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Filter for AWS objects with these PowerShell commands for S3

Because of S3's flat structure, it can be difficult to find your way around the service. Learn how to use PowerShell S3 commands to find the right AWS objects.

There are many ways to administer workloads on AWS. The main portal is one approach, but it's often slower than using a scripted option like PowerShell. This is especially true if you have a Windows administration background.

Amazon S3 is a core AWS offerings, so admins that work on the platform will need to know their way around the object storage service. In S3, data is stored in a flat structure, and the base unit of storage is called a bucket. There isn't a hierarchy like you see on a local drive. Instead, the S3 Console infers that by using the forward slash as a delimiter in each object's name. 

In this tutorial, you'll learn how to use PowerShell scripts to filter objects in S3.

Get started with PowerShell for AWS

Install the AWS Tools for PowerShell module and set up your credentials in the user guide before you use PowerShell in Amazon S3.

Before you start to look for objects, you need to select a bucket. In PowerShell, the Get-S3Bucket cmdlet will return a list of buckets based on your credentials. The list will look something like this:

PS>Get-S3Bucket

CreationDate BucketName
------------ ----------
4/25/2019 11:07:18 AM blogdemo
4/25/2019 11:08:07 AM psgitbackup

If you have a large number of buckets, you can filter them by region using the region parameter.

Get-S3Bucket -Region us-west-2

You'll notice below I only have buckets in the U.S. West-2 region, and, therefore, all of my buckets are still displayed in this example:

PS>Get-S3Bucket -Region us-west-2

CreationDate BucketName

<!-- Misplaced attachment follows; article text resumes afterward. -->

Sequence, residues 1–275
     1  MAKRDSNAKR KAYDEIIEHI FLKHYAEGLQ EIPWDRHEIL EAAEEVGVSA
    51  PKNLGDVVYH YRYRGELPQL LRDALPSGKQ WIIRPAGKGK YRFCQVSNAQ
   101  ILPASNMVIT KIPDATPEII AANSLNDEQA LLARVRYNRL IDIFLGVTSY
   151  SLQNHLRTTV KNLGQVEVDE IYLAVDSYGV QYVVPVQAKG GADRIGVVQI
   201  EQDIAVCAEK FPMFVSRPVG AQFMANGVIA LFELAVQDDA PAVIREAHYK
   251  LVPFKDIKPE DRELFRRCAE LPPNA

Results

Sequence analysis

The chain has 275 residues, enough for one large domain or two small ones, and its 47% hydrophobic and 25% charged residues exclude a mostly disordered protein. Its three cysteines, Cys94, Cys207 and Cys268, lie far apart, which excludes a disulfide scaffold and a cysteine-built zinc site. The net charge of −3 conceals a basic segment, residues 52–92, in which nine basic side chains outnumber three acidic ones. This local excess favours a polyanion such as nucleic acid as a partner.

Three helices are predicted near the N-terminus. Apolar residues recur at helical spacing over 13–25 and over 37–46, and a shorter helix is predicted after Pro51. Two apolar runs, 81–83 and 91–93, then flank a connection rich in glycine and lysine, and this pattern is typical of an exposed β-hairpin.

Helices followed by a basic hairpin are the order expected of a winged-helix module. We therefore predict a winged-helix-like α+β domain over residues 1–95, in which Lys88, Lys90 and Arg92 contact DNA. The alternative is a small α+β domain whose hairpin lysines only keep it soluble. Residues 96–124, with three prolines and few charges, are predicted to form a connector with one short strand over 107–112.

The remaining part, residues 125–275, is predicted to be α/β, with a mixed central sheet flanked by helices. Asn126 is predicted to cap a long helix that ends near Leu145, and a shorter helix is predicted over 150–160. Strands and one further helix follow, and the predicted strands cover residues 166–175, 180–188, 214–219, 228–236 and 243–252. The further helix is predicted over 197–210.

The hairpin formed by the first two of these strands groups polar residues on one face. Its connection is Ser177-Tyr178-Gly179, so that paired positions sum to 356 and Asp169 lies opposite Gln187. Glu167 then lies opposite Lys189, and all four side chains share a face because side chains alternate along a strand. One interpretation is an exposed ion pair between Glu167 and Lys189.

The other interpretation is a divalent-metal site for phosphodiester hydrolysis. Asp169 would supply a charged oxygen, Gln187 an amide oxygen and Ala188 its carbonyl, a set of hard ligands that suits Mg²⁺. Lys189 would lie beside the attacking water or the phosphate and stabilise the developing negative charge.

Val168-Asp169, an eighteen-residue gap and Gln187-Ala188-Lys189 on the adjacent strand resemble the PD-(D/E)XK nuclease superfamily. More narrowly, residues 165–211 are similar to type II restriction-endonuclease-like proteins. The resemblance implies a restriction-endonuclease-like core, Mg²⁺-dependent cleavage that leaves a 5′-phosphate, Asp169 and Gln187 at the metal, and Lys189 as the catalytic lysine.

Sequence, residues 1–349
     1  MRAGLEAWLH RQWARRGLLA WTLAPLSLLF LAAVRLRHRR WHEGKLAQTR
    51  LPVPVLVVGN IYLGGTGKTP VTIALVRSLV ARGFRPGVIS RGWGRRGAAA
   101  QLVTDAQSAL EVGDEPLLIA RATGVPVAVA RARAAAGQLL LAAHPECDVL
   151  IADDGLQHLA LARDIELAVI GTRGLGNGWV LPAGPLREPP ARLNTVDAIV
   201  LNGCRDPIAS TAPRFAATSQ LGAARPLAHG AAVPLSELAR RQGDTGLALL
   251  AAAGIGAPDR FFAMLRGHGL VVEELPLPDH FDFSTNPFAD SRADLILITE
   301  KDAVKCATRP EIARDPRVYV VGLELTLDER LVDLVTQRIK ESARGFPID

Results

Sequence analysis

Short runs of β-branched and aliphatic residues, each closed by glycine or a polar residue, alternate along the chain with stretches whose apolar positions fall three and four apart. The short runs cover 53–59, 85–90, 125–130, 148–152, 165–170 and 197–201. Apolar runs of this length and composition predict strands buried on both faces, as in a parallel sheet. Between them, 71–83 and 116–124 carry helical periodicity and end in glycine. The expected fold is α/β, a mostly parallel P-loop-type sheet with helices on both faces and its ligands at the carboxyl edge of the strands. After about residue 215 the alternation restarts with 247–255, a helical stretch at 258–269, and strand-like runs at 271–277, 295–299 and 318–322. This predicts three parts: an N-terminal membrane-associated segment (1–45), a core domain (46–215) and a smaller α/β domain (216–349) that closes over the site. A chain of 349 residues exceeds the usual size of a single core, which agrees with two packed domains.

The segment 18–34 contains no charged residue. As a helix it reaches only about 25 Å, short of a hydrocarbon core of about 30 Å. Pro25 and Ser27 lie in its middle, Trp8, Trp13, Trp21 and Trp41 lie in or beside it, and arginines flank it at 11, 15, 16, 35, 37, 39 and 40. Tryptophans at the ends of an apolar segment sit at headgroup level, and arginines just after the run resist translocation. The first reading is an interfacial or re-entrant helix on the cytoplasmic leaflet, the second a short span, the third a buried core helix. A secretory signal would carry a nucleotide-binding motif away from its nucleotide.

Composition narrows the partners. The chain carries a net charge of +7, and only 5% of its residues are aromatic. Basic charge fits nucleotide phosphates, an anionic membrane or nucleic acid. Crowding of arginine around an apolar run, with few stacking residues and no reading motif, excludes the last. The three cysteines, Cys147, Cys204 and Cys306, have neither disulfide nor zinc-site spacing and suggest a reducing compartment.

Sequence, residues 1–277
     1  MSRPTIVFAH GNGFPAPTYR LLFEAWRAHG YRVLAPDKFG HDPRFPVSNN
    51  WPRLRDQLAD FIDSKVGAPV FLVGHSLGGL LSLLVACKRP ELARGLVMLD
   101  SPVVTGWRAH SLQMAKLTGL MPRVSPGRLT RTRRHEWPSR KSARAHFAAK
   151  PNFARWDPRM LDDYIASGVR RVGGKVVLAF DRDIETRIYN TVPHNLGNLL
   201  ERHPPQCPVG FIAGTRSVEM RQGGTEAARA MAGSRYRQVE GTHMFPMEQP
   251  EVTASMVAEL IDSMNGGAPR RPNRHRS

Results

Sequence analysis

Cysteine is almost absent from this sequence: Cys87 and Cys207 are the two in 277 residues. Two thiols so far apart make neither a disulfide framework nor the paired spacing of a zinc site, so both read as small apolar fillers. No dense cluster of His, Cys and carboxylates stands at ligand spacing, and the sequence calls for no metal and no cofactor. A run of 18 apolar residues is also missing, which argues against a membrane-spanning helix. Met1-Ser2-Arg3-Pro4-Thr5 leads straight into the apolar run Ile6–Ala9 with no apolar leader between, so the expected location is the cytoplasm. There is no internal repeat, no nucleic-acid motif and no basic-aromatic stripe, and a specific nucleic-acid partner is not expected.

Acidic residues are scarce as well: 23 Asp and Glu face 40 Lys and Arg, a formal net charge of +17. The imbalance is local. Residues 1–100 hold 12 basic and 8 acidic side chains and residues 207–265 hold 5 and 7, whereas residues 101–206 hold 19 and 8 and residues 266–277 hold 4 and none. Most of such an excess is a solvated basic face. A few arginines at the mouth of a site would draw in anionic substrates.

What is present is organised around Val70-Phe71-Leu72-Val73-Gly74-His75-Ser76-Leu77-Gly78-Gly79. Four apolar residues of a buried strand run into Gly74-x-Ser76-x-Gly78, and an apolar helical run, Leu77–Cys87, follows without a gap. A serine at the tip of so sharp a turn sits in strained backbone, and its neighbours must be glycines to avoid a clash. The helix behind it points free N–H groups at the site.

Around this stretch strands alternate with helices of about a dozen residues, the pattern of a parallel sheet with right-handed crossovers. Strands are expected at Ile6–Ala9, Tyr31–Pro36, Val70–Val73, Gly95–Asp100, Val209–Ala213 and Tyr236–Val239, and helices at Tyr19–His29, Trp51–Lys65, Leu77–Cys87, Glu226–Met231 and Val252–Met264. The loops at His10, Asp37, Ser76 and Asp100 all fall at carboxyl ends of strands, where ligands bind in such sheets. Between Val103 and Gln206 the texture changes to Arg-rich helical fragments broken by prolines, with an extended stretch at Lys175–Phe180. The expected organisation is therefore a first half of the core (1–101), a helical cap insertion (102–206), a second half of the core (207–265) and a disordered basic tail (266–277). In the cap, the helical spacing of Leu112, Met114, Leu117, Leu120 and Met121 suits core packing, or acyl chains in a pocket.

------------ ----------
4/25/2019 11:07:19 AM blogdemo
4/25/2019 11:08:07 AM psgitbackup

To find a list of all the AWS regions using PowerShell, simply run the Get-AWSRegion cmdlet.

Find objects directly

To retrieve information about objects in S3, use the Get-S3Object cmdlet. Be sure to specify the name of the bucket with the -BucketName parameter.

Get-S30Object -BucketName 'psgitbackup'

Now, if you run this command with just a bucket name, it will return all the objects in that bucket. If you want to narrow your results, there are a few helpful parameters you can use with the Get-S3Object cmdlet filter.

If you already know the name of the object you are looking for, you can specify it by key name, which identifies a specific object within a bucket. This value is case sensitive.

Get-S3Object -BucketName 'psgitbackup' -Key 'PSDropbox/.git/hooks/applypatch-msg.sample

This will return the desired S3 object.

PS>Get-S3Object -BucketName 'psgitbackup' -Key 'PSDropbox/.git/hooks/applypatch-msg.sample'


ETag : "ce562e08d8098926a3862fc6e7905199"
BucketName : psgitbackup
Key : PSDropbox/.git/hooks/applypatch-msg.sample
LastModified : 4/25/2019 11:11:11 AM
Owner : Amazon.S3.Model.Owner
Size : 478
StorageClass : STANDARD

The good news is that you don't have to remember all of your object's keys in S3; you can do some filtering using the same Get-S3Object cmdlet.

Filter by prefix

With the same Get-S3Object cmdlet, you can specify a prefix that only returns objects that start with a certain value. This is akin to listing the contents of a directory, but different if you have folders with similar names.

To only return objects that have the "PSDropbox" prefix -- which, in my case, is a folder -- add the trailing '/'.

Get-S3Object -BucketName 'psgitbackup' -KeyPrefix 'PSDropbox/'

This will return all objects in your S3 bucket that have the specified prefix. Keep in mind that -KeyPrefix is case-sensitive.